Toi Tū Ora: Contemporary Māori Art spans 70 years and brings together more than than 300 artworks from 111 artists – and 42 of them are Massey staff or graduates.
The exhibition is the largest ever presented by Auckland Art Gallery Toi o Tāmaki and offers insights into the development of Māori art from the 1950s to the present day.
The first major exhibition of its kind in nearly 20 years, Toi Tū Toi Ora is informed by a Māori worldview and explores cultural histories, Māori knowledge, identity and place through painting, sculpture, printmaking, clay-making, jewellery and body adornment, photography, digital media, film and installation art.
Toioho ki Āpiti and Whiti o Rehua School of Art staff members and artists whose work features in the exhibition include Head of School Associate Professor Huhana Smith, Professor Ngataiharuru Taepa, founder of the Bachelor of Māori Visual Arts (BMVA) Programme Professor Robert Jahnke, Associate Professor Kura Te Waru Rewiri, Lecturer Erena Arapere-Baker, Associate Professor Rachael Rakena and Senior Lecturers Shannon Te Ao and Hemi Macgregor.
Toioho ki Āpiti alumni featured in the exhibition include curator Nigel Borell and artists Sandy Adsett, Reweti Arapere, Erena Arapere-Baker, Israel Tangaroa Birch, Chris Bryant-Toi, Paerau Corneal, Vanessa Wairata Edwards, Steve Gibbs, Charlotte Graham, Ngaahina Hohaia, Rangi Kipa, Te Rongo Kirkwood, Hemi Macgregor, Bridget Reweti, Terri Te Tau, Gina Matchitt, Claudine Muru, Aimee Ratana, Kereama Taepa, Wi Taepa, Tawera Tahuri, Kelcy Taratoa, Saffronn Te Ratana, Donna Tupaea-Petero, Dorothy Waetford, Gary Whiting, Areta Wilkinson and Christina Hurihia Wirihana.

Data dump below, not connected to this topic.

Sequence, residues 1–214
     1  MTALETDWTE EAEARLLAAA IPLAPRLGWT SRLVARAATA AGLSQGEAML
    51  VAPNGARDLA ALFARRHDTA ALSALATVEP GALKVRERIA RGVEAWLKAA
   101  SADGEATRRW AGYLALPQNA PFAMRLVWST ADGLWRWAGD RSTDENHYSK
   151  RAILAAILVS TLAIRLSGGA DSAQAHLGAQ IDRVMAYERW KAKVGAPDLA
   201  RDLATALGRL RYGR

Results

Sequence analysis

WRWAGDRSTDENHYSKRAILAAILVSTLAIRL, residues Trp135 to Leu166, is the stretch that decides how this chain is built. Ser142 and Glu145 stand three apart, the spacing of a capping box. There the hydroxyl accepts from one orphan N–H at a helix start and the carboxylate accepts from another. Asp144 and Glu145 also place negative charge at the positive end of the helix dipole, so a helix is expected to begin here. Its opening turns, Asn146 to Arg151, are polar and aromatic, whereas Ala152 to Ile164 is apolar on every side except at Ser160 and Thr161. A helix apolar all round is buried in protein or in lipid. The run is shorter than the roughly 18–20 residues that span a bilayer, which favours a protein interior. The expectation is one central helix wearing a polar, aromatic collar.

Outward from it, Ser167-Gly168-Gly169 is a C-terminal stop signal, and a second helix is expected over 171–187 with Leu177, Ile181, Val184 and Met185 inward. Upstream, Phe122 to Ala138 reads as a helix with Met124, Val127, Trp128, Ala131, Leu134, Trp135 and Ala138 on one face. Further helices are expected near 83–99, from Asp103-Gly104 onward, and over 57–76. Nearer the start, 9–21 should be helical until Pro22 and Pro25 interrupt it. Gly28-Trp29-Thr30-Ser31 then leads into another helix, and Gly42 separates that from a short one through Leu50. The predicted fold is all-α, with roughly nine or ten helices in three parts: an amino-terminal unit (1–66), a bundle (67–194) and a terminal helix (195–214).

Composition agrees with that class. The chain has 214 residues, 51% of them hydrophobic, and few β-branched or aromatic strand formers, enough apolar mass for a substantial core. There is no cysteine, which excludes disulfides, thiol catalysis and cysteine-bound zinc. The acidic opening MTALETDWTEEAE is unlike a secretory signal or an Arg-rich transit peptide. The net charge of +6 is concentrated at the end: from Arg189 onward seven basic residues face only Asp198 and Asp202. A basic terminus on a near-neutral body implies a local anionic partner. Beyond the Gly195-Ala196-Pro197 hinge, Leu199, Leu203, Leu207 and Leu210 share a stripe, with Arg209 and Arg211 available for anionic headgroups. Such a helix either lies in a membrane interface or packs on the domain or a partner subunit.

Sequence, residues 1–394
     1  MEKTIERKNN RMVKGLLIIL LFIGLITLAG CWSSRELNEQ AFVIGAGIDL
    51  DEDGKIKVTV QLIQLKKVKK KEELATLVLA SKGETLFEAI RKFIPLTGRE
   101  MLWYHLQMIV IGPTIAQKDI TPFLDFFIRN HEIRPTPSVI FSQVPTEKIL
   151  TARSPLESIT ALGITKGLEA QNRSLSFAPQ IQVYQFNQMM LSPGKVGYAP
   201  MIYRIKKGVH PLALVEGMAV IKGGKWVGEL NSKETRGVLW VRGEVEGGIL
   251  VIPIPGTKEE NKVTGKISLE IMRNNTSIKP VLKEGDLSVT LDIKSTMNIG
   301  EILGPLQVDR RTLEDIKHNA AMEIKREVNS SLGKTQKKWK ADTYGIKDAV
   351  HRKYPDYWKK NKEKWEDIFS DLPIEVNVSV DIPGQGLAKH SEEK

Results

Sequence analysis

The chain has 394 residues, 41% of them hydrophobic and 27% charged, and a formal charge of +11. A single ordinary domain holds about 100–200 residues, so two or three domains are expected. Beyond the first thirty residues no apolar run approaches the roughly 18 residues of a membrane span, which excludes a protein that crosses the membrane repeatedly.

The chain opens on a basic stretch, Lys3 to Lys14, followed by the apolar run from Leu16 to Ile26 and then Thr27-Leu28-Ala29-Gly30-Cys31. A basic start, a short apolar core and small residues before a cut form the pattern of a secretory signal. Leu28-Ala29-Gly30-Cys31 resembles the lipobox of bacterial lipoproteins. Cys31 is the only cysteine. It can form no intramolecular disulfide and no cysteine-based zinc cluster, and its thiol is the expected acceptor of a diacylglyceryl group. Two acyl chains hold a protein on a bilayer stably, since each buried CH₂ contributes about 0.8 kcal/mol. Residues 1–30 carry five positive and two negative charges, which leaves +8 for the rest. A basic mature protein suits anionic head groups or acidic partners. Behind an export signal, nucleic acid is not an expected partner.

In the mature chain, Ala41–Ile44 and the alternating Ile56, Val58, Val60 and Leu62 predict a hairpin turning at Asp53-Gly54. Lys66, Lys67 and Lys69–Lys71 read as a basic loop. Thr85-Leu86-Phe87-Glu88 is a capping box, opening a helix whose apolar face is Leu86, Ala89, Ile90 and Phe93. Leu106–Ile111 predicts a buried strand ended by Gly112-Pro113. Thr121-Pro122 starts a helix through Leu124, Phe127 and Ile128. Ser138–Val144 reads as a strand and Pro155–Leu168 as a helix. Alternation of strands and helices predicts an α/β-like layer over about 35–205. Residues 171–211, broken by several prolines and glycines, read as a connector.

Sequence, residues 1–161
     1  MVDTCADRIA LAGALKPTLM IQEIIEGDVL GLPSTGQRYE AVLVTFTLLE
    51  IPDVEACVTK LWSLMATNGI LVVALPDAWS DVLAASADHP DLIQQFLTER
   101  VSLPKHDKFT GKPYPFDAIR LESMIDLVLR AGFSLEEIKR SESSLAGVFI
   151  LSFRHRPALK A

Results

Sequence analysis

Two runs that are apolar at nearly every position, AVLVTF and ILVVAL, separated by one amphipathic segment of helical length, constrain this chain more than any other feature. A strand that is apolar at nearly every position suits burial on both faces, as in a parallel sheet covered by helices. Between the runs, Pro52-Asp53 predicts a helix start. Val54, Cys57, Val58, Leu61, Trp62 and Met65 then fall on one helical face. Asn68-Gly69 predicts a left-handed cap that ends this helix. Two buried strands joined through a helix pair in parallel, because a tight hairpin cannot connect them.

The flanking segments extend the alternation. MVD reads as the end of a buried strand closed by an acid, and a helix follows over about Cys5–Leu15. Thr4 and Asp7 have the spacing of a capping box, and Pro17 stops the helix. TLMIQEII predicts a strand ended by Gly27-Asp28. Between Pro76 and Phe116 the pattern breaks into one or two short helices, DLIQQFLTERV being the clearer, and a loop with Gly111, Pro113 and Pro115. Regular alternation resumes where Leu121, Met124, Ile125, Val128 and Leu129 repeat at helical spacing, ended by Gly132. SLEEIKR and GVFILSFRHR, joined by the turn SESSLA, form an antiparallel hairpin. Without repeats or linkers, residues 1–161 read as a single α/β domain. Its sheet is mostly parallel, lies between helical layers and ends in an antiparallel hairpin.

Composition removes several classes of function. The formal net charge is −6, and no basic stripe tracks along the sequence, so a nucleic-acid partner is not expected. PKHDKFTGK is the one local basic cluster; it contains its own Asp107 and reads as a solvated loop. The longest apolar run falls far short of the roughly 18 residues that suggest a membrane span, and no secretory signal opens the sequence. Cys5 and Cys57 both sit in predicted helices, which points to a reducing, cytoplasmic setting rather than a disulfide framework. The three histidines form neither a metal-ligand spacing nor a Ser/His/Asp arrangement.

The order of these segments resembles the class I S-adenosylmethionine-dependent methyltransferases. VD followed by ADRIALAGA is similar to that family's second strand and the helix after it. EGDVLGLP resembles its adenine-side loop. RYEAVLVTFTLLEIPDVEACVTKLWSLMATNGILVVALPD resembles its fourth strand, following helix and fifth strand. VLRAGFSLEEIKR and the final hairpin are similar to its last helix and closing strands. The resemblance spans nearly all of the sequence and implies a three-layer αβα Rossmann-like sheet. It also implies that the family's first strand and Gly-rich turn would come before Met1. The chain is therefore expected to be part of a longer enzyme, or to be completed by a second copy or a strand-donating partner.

They are joined by inaugural staff member of the BMVA programme Shane Cotton, former visiting lecturer and author of two Māori Visual Arts papers that formed the initial foundation of the BMVA programme John Bevan Ford, former lecturer Brett Graham and Fine Arts alumni Sarah Hudson.
Curator Nigel Borell, Pirirākau, Ngāi Te Rangi, Ngāti Ranginui, Te Whakatōhea, says, “Toi Tū Toi Ora is organised around the Māori creation narrative as a way to enter into a conversation about the importance of Māori art and artists, and to explore what unites these artists across space and time.”
As Professor Smith, Ngāti Tukorehe, Ngāti Raukawa ki te Tonga, notes about the representation of staff, former staff and alumni alike from two campuses, “it’s not only a testament to the absolute jewel that is the Toioho ki Āpiti programme, which spans undergraduate to PhD, it’s also about the positive impact both Toioho ki Āpiti and Fine Arts programmes, staff and alumni alike have had on the national and international art world, both in indigenous and non-indigenous arenas. To be so well represented in the artist line up is humbling for both these Turitea and Pukeahu-based programmes.”
The exhibition is on at Auckland Art Gallery Toi o Tāmaki until 9 May 2021.
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